Letters From the West

Generation of big fires changes firefighting bureaucracy

Firefighters light a back burn near Pine while fighting the Elk fire Wednesday Aug. 14. (Kyle Green/kgreen@idahostatesman.com)

Firefighters light a back burn near Pine while fighting the Elk fire Wednesday Aug. 14. (Kyle Green/kgreen@idahostatesman.com)

The New York Times has a great story this morning about how the benefits for contract firefighters are so much less than those of federal firefighters.

The Idaho Statesman’s Kyle Green has a great picture with the package. This is just one of the ways that the large fires that have dominated the landscape since Yellowstone have changed the fire bureaucracy.

The size and number of large fires also has changed the agencies.
“In the 50s, 60s and the 70s each ranger district had its own crews and they had a ready source of fire people,” said retired Nez Perce National Forest Fire manager Dave Poncin. “Today those people are gone because of budget cuts.”
Today 40 percent of the firefighters are private contractors, Poncin believes this has increased, not lowered the costs.

In the Park Service the fire suppression people were separated from the resource staff who were doing much of the prescribed burning that the agency had greatly expanded in the 1970s.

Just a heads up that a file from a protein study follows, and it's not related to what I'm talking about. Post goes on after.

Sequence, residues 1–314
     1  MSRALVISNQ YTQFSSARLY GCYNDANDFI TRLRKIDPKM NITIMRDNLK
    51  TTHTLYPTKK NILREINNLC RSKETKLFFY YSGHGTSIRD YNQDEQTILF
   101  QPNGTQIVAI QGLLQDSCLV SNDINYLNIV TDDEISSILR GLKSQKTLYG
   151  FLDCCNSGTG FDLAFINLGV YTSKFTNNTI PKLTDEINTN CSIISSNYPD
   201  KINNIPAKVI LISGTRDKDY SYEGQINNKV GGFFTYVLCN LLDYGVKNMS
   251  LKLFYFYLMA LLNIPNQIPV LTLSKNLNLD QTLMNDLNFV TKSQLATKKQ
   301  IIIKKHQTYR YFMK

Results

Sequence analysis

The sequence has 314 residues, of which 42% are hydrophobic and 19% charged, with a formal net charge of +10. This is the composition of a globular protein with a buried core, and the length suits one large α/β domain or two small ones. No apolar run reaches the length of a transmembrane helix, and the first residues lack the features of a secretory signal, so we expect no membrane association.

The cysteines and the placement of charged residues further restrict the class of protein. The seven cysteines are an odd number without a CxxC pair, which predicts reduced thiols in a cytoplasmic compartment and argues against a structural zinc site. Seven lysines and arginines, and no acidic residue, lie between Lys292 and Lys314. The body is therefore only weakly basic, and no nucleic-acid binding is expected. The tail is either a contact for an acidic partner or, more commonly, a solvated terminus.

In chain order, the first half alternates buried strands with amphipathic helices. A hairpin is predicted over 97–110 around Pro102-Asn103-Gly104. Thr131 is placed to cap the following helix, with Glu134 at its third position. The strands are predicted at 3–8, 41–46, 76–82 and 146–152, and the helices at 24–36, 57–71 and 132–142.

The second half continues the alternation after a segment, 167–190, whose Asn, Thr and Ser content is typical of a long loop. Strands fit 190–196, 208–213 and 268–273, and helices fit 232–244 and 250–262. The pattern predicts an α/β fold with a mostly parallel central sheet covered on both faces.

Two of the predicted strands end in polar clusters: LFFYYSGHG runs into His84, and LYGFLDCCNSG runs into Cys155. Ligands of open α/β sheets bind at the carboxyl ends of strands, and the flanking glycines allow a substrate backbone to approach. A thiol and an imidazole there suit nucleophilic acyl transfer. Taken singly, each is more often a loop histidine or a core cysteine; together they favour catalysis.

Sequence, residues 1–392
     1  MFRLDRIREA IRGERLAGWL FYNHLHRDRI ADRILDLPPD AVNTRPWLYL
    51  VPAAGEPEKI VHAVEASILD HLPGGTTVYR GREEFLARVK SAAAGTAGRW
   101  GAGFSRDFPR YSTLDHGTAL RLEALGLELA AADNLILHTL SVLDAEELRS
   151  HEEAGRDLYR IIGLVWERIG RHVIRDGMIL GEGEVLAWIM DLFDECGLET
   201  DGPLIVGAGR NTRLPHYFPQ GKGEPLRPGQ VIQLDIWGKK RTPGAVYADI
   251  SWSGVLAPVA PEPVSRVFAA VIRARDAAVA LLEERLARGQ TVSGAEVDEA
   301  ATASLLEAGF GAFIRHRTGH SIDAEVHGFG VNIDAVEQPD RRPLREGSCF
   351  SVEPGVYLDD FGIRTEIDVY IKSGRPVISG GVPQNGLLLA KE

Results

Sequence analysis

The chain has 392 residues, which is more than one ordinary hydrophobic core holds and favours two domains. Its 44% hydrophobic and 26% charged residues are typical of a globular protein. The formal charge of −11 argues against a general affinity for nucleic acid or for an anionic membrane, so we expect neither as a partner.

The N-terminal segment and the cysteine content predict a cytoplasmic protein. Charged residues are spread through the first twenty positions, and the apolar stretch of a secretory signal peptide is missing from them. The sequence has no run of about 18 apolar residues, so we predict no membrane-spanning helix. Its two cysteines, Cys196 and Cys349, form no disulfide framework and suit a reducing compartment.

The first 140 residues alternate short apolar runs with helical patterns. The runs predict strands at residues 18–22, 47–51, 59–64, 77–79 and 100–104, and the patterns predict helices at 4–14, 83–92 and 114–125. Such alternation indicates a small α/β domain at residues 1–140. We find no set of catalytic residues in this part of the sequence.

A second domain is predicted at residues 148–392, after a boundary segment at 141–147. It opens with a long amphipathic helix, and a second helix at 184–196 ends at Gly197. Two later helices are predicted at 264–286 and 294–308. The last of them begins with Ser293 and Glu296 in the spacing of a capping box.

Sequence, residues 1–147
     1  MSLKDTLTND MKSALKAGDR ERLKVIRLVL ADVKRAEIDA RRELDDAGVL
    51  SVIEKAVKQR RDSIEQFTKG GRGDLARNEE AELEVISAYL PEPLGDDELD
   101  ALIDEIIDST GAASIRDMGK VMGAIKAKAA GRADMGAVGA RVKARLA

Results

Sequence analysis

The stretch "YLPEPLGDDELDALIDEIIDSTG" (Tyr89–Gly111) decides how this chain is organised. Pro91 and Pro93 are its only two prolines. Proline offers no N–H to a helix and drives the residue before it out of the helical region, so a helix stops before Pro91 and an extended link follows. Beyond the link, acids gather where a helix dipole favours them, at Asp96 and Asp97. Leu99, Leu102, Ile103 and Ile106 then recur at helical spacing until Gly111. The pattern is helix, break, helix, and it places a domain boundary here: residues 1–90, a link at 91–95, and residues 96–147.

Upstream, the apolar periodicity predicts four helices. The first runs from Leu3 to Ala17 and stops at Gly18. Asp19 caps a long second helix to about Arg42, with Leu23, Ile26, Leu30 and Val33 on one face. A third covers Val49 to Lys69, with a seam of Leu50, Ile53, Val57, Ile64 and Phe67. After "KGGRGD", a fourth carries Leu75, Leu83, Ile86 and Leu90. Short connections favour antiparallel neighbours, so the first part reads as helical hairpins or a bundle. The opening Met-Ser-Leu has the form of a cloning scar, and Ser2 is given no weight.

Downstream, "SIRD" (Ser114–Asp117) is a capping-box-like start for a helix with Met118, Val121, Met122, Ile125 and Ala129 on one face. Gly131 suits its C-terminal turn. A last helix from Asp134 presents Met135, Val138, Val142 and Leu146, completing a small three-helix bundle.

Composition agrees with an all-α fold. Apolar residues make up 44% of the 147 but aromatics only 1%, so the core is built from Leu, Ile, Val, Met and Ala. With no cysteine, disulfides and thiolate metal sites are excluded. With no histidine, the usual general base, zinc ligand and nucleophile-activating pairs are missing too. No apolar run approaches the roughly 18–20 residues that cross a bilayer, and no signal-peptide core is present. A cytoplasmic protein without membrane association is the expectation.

“They wouldn’t talk together,” aid Tom Nichols, Chief of and Aviation for the National Park Service. “What happened in 1988 is those two tracks were integrated.”

But eventually, because of tight resources, suppression has gradually reduced resources devoted to preventive burning and management. Fire people have become better trained and more professional but that has forced resource people out.

This also has made fire the driver of the Forest Service budget. Overall the costs of fire suppression now consume nearly half of the entire Forest Service budget. In 1991 fire only accounted for 13 percent. Since 2000, the 10-year average cost has risen almost every year – from a little more than $540 million to more than $1 billion in 2010, 2011 and 2012.

Rocky Barker is the energy and environment reporter for the Idaho Statesman and has been writing about the West since 1985. He is the author of Scorched Earth How the Fires of Yellowstone Changed America and co-producer of the movie Firestorm: Last Stand at Yellowstone, which was inspired by the book and broadcast on A&E Network. He also co-authored the Flyfisher's Guide to Idaho and the Wingshooter's Guide to Idaho with Ken Retallic. He also was on the Statesman’s team that covered the Sen. Larry Craig sex scandal, which was one of three Pulitzer Prize finalists in breaking news in 2007. The National Wildlife Federation awarded him its Conservation Achievement Award.

Posted in Letters from the West